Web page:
Justice Hecht thought that the majority was stretching too far (boldface mine):

Today's decision is, I believe, aberrational and therefore not of much concern. The Court tries as much as it can to prevent its decision from impacting the multitude of businesses similar to Kirby's. A decision aimed at a result may not be consequential, but result-directed decision-making is more serious. A Court that departs from settled principles in one case may do so in another. To return to Justice Roberts' analogy, no appellate court decision should turn out to be "a restricted railroad ticket, good for this day and train only"; certainly, no decision should be designed with such restrictions.

Justice Abbott came to the same conclusion from a slightly different angle:

Kirby retained control over where the work was to be performed, not over who was to perform that work. Failure to require background checks of potential dealers relates to who is a dealer, not where the dealer works. As a result, the requisite relation between the control retained and the alleged injury is missing.

Justice Owen didn't even write a separate dissent! But the LAT would have you believe that she's practically out there at those vacuum cleaner home demonstrations, egging the rapists on and spitting in the victims' faces. This is their (and the Democrats') example of Justice Owen being "pro-business" and "anti-consumer."

While I happen to agree with the dissenters about this result, I certainly wouldn't question the integrity of lawyers and judges who'd stretch the law just a little bit to fit these particular facts. This is meat-and-potatoes tort law stuff — the kind of common law decision-writing that state court appellate judges do every day. But as Justice Hecht's dissent persuasively argues, if there was anyone in the Read case who was doing "activist judging," it was the majority engaging in "result-directed decision-making" — i.e., Kirby was the only deep-pocket defendant around to be sued, and the Read family had been terribly injured, so let's let them get their paws into Kirby's deep pockets.

Let's look at an analogy that might strike closer to home (so to speak) for more average citizens. Suppose you hire a general contractor to remodel your house. He in turn hires a painter, who jumps your back fence and rapes your next-door neighbor. Justice Owen would read Texas law to say that the rape was not your fault, and that your neighbor can't successfully sue you (but can sue the rapist and, maybe, your general contractor). But the result and maybe the logic of the majority opinion from which Justice Owen dissented suggest the opposite — you're on the hook, baby, 'cause that rapist couldn't have gotten into your back yard to jump your fence unless you'd hired the guy who hired him, so get out your wallet (or call your homeowners' insurance company and tell it to get out its wallet). Now, Justice Hecht thinks — and he's probably right — that on these slightly different facts (or if it'd been Tupperware instead of Kirby vacuums), the majority would have stuck to old, traditional tort law, and that the majority's departure in the Read case was an aberration. But when we're looking at promoting judges to a life-tenured position, do you want the squishy, sympathetic judge who makes aberrations, or the firm (i.e., old-fashioned), principled judge who sometimes says, even if it's harsh, "You've been hurt, but you still can't sue these particular folks for what happened to you because it wasn't their fault"?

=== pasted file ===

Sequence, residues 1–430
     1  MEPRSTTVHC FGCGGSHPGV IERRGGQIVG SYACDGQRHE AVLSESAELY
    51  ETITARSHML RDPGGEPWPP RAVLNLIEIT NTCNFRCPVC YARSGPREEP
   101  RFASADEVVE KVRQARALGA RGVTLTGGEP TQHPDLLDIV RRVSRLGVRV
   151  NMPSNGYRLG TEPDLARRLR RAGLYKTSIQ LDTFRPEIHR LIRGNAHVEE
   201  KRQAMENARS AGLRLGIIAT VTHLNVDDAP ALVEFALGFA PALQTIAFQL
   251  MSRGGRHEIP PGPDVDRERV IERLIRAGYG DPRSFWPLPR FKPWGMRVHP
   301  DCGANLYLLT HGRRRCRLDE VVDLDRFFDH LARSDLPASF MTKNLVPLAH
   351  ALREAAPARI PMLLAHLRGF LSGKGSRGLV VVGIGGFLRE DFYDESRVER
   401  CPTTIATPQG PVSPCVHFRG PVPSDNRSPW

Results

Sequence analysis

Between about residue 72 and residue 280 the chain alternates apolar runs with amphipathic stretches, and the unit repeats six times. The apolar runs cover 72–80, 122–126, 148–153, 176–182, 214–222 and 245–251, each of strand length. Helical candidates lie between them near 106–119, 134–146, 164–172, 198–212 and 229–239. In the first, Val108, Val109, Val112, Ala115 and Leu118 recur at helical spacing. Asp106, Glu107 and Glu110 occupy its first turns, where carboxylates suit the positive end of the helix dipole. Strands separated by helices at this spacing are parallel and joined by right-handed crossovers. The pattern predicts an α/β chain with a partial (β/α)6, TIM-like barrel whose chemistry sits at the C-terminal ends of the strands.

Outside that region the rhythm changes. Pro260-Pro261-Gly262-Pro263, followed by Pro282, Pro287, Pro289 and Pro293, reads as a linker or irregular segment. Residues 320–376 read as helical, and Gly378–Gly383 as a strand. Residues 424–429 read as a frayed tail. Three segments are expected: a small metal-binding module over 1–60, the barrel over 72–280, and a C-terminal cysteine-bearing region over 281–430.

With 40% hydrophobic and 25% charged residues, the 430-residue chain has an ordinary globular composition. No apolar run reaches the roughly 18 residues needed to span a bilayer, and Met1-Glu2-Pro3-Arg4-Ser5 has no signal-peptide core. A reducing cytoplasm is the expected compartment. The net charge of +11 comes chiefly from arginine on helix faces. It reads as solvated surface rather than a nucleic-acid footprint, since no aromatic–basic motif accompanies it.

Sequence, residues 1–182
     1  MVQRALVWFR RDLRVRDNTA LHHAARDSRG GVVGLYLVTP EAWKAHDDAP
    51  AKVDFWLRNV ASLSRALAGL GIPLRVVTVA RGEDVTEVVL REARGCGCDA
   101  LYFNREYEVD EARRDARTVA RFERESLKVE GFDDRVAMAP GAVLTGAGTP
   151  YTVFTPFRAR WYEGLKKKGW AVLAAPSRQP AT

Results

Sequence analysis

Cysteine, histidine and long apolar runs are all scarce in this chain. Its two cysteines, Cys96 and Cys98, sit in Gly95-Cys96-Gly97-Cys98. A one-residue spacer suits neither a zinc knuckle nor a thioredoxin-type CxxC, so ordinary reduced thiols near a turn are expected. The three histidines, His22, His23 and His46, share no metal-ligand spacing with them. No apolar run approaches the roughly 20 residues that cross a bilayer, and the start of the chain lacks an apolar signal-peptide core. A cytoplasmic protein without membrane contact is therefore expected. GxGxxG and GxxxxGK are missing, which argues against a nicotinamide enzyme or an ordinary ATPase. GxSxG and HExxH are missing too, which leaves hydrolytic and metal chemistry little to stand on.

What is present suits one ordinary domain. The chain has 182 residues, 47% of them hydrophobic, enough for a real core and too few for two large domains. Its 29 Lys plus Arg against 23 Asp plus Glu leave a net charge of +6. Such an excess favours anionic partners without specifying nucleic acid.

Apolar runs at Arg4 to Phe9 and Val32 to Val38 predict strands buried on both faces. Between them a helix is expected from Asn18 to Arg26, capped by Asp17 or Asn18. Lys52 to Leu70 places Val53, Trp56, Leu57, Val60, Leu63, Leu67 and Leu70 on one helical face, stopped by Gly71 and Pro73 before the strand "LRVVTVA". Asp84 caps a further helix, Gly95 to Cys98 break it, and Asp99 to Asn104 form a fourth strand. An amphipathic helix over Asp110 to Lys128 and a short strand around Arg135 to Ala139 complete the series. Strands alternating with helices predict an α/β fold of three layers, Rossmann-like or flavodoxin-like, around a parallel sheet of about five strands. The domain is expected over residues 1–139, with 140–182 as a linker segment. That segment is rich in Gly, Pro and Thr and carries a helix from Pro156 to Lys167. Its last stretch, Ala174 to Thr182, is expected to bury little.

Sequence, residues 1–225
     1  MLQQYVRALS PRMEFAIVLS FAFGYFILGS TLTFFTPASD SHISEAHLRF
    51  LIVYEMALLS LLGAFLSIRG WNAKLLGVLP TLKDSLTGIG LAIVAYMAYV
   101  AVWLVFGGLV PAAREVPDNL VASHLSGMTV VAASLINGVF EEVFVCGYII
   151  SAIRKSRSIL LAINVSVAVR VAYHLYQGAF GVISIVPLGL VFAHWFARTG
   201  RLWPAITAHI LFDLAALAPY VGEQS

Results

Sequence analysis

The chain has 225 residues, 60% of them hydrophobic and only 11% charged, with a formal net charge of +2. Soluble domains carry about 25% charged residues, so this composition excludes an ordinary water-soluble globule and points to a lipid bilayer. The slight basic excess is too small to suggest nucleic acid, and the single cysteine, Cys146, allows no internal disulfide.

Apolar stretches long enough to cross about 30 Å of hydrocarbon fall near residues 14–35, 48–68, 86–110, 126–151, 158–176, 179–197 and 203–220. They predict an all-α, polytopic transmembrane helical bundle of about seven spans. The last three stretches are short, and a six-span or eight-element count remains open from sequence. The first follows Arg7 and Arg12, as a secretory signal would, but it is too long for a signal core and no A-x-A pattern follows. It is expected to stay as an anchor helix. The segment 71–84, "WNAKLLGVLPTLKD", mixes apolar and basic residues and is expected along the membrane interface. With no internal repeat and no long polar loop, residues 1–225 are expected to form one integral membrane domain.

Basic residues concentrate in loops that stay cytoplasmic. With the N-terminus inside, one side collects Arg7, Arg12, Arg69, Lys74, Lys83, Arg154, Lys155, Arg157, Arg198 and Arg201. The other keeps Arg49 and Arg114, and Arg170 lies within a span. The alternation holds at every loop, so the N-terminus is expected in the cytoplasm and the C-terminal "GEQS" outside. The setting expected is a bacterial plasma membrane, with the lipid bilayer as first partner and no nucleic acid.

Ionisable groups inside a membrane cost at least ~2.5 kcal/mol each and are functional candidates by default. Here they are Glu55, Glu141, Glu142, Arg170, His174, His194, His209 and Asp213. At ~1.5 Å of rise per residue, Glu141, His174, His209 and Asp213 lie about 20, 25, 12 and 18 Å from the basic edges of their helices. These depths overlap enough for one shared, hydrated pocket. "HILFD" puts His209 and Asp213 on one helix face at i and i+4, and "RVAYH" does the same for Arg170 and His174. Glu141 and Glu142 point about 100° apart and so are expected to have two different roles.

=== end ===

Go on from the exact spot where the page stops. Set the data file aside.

Whether you want your appellate judges to selectively warp the law in order to benefit particularly sympathetic individuals or not, surely we can all agree that newspapers and politicians ought to tell the truth about a judicial nominee's written precedents. Here, the LAT simply didn't tell the truth.

Posted by Beldar at 10:25 PM in Law (2006 & earlier), Mainstream Media, Politics (2006 & earlier) | Permalink


Other weblog posts, if any, whose authors have linked to Justice Owen and the Kirby vacuum cleaner case and sent a trackback ping are listed here:

» Credit Where Credit Is Due from Patterico's Pontifications

Tracked on May 19, 2005 11:25:00 PM

» When journalists lie.... from Media Lies

Tracked on May 19, 2005 11:40:28 PM

» Disagreeing with Beldar... from ThoughtsOnline

Tracked on May 20, 2005 5:24:04 PM

» Why Can't They Just Tell the Truth About Nominees? from A Bellandean! God, Country, Heritage

Tracked on May 21, 2005 1:30:35 AM

» Limited Liability Contractors from RAWbservations

Tracked on May 23, 2005 11:22:26 AM


(1) James B. Shearer made the following comment | May 20, 2005 1:15:12 PM | Permalink